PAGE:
In the midst of my procrastination of exam revision, I found myself wondering what the next decade would bring for art. I decided to write an article on my theatrical predictions for 2030, delaying my revision even more but at least being a tad productive.
In the past decade I would argue that physical theatre has really come to fruition and in the next ten years theatre will continue the emphasis on movement. It is only recently we have seen simple plots really rise through the ranks, such as the premise of ‘Marriage Story’ (the film). I’m not sure if this will continue but what I do envisage is a rise in psychopathic Killing-Eve-esque dramatizations. Maybe a modernisation of Jekyll and Hyde which will address a modern audience just as prominently as the book did when first released in 1886.
Most of my predictions are erratic stabs in the dark; however, there is one that I am so certain of that I will buy a drink for every member of The Badger if this hasn’t happened by 2030. I am convinced someone is going to create a musical about the russian revolution.
The musical shall start from when Lenin found out about the Tsar’s abdication to the storming of the Winter Palace. The first big musical number will finish as Lenin exits the train in Petrograd after travelling from Sweden with Germany’s help. The next song would naturally be called ‘April Theses’ and try to establish Lenin as a populist to the average Russian person. ‘Peace, land and bread’ would definitely be a contributing line of the chorus, or possibly chanted satanically. The July Days would get a mention and would probably happen at the end of act one to instill some dread in the viewer. It would be a cliffhanger so I reckon the audience wouldn’t leave during the intermission.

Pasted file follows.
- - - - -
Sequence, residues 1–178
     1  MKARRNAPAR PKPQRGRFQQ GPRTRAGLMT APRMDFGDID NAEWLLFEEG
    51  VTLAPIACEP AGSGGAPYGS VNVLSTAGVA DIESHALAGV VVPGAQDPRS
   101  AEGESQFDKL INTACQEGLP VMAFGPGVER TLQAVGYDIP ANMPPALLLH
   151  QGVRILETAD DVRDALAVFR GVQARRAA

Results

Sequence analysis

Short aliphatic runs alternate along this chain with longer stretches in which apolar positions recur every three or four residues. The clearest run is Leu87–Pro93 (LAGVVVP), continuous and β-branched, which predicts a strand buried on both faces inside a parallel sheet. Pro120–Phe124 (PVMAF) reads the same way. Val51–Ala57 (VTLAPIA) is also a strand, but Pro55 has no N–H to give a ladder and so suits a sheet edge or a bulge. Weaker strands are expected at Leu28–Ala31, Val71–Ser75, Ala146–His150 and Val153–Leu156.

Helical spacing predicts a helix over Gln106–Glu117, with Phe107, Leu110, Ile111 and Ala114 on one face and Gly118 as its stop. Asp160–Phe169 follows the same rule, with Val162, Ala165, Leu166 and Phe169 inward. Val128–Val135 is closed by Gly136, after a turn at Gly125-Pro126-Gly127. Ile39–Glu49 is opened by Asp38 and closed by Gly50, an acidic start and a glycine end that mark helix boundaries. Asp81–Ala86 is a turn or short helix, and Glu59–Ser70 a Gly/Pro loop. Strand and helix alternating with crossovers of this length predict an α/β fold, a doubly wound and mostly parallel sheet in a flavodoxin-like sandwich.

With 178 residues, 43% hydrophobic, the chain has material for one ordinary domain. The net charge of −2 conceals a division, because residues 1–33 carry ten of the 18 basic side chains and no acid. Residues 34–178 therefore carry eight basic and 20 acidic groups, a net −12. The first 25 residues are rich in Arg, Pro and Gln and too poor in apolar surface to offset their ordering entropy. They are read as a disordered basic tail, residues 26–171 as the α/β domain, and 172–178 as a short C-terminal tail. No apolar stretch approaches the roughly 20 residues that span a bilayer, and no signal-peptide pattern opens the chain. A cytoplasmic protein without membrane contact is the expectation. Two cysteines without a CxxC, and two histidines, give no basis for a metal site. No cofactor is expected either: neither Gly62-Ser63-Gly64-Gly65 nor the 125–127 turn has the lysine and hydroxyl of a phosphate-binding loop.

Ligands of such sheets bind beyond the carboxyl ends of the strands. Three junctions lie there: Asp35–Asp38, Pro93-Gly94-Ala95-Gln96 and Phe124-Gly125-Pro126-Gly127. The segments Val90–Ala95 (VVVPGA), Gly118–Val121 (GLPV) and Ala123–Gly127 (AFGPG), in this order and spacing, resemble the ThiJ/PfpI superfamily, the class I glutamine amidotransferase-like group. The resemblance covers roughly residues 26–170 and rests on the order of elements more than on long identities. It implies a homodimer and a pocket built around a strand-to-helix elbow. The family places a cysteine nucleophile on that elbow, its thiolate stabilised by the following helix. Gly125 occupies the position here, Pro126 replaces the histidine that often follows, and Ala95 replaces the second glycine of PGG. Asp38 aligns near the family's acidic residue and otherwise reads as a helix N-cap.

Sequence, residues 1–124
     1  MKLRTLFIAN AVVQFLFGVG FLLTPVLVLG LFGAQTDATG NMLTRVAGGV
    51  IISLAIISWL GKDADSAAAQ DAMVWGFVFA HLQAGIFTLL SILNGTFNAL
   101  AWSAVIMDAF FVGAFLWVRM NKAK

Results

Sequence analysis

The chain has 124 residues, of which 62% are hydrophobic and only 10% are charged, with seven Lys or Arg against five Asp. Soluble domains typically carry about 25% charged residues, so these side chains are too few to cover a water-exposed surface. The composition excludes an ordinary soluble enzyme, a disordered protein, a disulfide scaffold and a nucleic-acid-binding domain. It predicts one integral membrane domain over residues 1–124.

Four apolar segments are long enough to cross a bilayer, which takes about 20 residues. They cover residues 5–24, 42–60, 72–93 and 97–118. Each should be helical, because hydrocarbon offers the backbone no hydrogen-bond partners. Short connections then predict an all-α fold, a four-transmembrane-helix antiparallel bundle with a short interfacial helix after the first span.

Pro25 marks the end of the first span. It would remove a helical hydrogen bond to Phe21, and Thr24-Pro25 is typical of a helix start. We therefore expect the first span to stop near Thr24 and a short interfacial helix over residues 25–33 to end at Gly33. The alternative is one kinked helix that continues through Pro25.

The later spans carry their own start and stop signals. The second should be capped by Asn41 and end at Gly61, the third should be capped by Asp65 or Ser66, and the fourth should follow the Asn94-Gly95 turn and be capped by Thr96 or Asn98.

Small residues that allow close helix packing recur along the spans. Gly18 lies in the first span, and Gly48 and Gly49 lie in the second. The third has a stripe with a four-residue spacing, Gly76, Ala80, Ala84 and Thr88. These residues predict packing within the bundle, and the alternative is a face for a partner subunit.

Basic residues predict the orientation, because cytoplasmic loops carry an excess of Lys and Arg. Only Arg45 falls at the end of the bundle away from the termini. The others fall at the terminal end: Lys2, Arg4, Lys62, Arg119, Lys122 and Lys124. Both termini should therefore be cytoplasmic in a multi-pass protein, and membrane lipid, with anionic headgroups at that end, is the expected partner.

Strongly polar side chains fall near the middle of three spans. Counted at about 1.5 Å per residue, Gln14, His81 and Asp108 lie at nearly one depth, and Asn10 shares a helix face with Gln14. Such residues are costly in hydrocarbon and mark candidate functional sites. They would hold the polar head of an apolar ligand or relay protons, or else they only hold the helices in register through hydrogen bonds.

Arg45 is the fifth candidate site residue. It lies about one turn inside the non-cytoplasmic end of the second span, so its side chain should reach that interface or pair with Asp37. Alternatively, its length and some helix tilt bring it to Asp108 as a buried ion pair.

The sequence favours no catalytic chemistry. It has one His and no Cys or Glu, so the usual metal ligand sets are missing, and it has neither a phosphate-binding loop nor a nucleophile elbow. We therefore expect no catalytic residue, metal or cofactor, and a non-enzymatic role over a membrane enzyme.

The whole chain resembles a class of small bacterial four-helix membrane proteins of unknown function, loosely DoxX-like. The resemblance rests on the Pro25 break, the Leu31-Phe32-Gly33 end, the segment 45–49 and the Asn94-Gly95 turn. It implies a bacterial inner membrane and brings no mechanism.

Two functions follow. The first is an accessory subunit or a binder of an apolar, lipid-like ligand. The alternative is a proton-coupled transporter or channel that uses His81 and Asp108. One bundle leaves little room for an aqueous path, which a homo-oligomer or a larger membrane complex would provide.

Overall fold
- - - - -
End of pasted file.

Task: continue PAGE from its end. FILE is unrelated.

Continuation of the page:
The execution of Sasha Ilyanov, Lenin’s brother, would probably also get a mention so the audience understood some of Lenin’s motivation. This could be done in a reflective solo by Lenin, maybe right before he storms the Winter Palace or is just having a bit of a breakdown. Much like Shakespeare’s use of the Nurse in Romeo and Juliet, Kerensky would be a comedic figure where the audience could jovially watch as he struggled to control Russia and the Provisional Government, turn to substance abuse and end up fleeing the Winter Palace as it was stormed, dressed in a nurses costume.
How this hasn’t already occurred I don’t know but after the worldwide success of Les Miserables, I think revolutionary musicals are on the rise. So, history A-level teachers and laymans alike, be prepared to sing along about communism, the manipulation of marxist principles, poster man Trotsky and backroom boy Stalin. I would have called the musical ‘1917’ but there’s now a film called that, so to avoid confusion, if it was me writing this musical I would call it ’Pravda’ or ‘Lenin’. Just a suggestion.Well, that is me done for this edition of The Badger. I will be sure to check back in a decade to see my predictions were remotely correct. Given I’m psychic (and think my ex-history teacher is already working on a russian revolution musical), I’ve probably got some bits right.
Iskusstvo (Art Publishing House), Moscow-Leningrad, 1949